Author Topic: Chest: training the bottom line, by Reg Park (1994)  (Read 13 times)

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Chest: training the bottom line, by Reg Park (1994)
« on: October 08, 2019, 11:17:50 PM »
CHEST TRAINING THE BOTTOM LINE by Reg Park
Musclemag 1994
Believe it or not, when I started training in England in 1945, I did not know what abench press was. My first chest exercises with weights were the straight-arm barbell pullover while lying on the floor and the lying-on-back-on-floor press.
Upon my return in 1948 from serving two years in the British army in Singapore, I was surprised to find american bodybuilding magazines on sale in the UK and even
more surprised to learn of the bench press. The appealing features about the bench press were that it certainly afforded the pectoral muscles more response than did the press on back, and also it allowed the bodybuilder to handle
respectably heavy poundages. Like all youngsters of that period (1948), I made the barbell press a major factor in my training. Apart from the pectoral development I experienced from performing the bench press-since I had relatively short arms- I was soon (1949) bench pressing 300 pounds. Unlike most bodybuilders of that period I was in essence more of a strength trainer than a pure bodybuilder, and by March 1953 I bench pressed 500 pounds during an exhibition in Bristol. This was the equivalent to the four-minute mile, the first of which was achieved by Roger Bannister in Cambridge also in 1953. Although many have since surpassed the 500-pound bench press and the four-minute mile, I consider Bannister and myself as being the trail blazers.
In 1950 I visited America and trained with the greats of that period. I was intoduced to the incline dumbell press by Clarence Ross in the gym he then owned in Alameda, California. Incidentally, in those days Clancy was working up to reps with 165-pound dumbells. I returned to England and started training with a vengeance on the incline dumbell press. By 1952 I was doing five sets of five reps on both incline and flat bench with 185-pound dumbells. Looking back, I 'm sorry I did not see how many reps I could have done with 200-pound dumbells, but the truth is the disc-loading barbell rods that I used did not permit me to use more than 185 pounds.
By now (the early 50s) bodybuilders were talking about using the flat bench press with either dumbells or barbells to develop the middle of the pectorals and the incline banch press, again with either dumbelll or barbells, for the upper pectorals.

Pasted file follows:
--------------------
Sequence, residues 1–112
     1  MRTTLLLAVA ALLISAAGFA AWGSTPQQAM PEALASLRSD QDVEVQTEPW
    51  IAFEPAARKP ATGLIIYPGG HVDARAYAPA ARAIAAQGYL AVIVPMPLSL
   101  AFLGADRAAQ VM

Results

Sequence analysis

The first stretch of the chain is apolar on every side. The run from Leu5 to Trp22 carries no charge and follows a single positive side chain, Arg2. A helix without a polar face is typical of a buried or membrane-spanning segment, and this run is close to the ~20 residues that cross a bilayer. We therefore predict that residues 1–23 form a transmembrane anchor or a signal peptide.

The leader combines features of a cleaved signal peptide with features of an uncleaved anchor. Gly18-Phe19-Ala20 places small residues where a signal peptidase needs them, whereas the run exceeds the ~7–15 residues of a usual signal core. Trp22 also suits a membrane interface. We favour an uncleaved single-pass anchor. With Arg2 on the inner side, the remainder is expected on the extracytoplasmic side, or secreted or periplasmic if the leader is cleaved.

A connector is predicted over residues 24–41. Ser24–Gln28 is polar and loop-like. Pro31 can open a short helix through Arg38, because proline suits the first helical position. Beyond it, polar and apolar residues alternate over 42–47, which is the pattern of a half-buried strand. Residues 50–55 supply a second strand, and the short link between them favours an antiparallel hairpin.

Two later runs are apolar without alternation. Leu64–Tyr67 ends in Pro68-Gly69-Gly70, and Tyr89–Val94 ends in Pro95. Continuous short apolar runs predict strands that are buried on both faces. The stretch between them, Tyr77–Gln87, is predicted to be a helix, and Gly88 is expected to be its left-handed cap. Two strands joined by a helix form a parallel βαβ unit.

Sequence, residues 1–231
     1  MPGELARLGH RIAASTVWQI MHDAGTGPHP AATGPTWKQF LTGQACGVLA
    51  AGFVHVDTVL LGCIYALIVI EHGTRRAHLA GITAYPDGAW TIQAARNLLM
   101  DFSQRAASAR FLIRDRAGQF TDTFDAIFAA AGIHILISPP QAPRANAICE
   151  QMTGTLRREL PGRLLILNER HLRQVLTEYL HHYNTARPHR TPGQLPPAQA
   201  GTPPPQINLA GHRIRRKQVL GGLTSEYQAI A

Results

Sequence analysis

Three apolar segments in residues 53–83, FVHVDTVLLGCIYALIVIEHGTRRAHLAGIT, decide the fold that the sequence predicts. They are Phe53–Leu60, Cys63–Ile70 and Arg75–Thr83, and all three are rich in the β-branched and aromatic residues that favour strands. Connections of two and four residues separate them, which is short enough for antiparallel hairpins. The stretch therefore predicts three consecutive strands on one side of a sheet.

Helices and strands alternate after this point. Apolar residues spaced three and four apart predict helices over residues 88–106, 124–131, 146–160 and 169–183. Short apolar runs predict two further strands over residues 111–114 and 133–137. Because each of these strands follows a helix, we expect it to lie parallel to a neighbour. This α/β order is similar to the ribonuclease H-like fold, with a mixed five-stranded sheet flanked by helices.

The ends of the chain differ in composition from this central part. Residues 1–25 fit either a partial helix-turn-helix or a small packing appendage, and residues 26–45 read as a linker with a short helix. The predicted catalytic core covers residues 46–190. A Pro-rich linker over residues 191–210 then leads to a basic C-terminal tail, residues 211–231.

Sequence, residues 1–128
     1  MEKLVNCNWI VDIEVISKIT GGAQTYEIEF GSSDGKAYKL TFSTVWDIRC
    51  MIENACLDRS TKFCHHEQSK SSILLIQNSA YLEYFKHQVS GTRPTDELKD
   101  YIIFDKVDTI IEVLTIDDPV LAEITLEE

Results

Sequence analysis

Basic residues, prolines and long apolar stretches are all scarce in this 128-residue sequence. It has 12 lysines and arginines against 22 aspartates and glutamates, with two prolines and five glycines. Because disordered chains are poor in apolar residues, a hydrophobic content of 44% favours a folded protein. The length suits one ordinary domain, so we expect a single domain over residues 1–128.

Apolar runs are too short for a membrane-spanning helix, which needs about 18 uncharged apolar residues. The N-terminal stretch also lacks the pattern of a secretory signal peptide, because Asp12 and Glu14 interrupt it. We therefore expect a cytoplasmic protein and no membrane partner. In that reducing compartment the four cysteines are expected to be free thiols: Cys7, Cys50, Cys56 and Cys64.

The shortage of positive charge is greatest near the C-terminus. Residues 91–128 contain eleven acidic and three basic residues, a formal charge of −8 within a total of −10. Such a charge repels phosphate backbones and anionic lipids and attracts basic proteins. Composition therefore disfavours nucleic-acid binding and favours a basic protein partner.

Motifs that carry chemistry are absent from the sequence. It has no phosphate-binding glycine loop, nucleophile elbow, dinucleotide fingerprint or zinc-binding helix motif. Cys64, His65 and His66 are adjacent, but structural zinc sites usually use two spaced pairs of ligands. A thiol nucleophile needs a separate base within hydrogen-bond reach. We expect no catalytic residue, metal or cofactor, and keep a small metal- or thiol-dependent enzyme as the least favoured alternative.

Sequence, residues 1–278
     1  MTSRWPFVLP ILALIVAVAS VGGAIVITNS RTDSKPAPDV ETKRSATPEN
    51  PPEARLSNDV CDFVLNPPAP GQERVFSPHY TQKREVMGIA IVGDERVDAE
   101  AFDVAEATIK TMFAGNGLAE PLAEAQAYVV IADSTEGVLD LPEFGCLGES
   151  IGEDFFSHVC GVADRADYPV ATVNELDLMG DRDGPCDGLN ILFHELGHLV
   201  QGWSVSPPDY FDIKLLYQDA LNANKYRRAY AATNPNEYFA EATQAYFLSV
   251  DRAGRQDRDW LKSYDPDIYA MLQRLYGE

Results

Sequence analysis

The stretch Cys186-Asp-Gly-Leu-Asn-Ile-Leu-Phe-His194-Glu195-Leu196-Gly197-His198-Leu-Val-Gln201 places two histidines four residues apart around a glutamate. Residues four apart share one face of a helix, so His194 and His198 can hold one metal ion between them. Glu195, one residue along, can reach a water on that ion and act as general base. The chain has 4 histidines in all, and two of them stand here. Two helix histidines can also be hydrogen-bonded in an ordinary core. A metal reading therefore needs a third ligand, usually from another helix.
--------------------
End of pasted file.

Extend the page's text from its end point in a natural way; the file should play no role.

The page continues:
In due course the decline bench for pectoral work was introduced and this supposedly was for the lower pectorals.
Through the years I performed mainly flat and incline presses with dumbells and barbells with occasional dumbell flyes thrown in, believing that these variable Would exercise the total chest area.
Being the late developer that I am, I only began quite recently (the last couple of years) to question the validity of different inclines being for different areas of the pectorals. As in the case of the previously recommended principles of calf
development, it was just not so. Over the last couple of years I have experimented with various angles and exercises for chest development and I have come to the conclusion that it is not the angle of the bench that determines what part of the pectorals is developed but more importantly the position of the elbows. Let me now expound on this.
To exercise the upper pectorals it is not necessary to perform incline barbell or dumbell presses or even inclline dumbell flyes. You can work the upper pectoral on any level provided the elbows are in line with the clavicles in the bottom position. On any level decline, flat, or incline, when performing the barbell press, simply lower the bar to the neck, keeping the elbows in line with the shoulders,
and pause in the bottom position before pressing the bar back to arms' length.
With dumbell presses perform the exercise in the same manner bearing in mind that by using the dumbells you are able to get a greater down ward range.
Similarly with dumbell flyes - the elbows position determines the area of pectoralsbworked. Performing dumbell flyes with palms facing towards the feet rather than facing upwards makes the exercise even more effective.